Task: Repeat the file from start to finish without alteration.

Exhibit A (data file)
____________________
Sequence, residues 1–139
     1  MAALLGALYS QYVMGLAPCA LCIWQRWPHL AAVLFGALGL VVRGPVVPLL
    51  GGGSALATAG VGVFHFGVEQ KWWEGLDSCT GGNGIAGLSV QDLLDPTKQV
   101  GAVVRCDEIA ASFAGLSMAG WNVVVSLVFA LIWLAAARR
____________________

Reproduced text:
Sequence, residues 1–139
     1  MAALLGALYS QYVMGLAPCA LCIWQRWPHL AAVLFGALGL VVRGPVVPLL
    51  GGGSALATAG VGVFHFGVEQ KWWEGLDSCT GGNGIAGLSV QDLLDPTKQV
   101  GAVVRCDEIA ASFAGLSMAG WNVVVSLVFA LIWLAAARR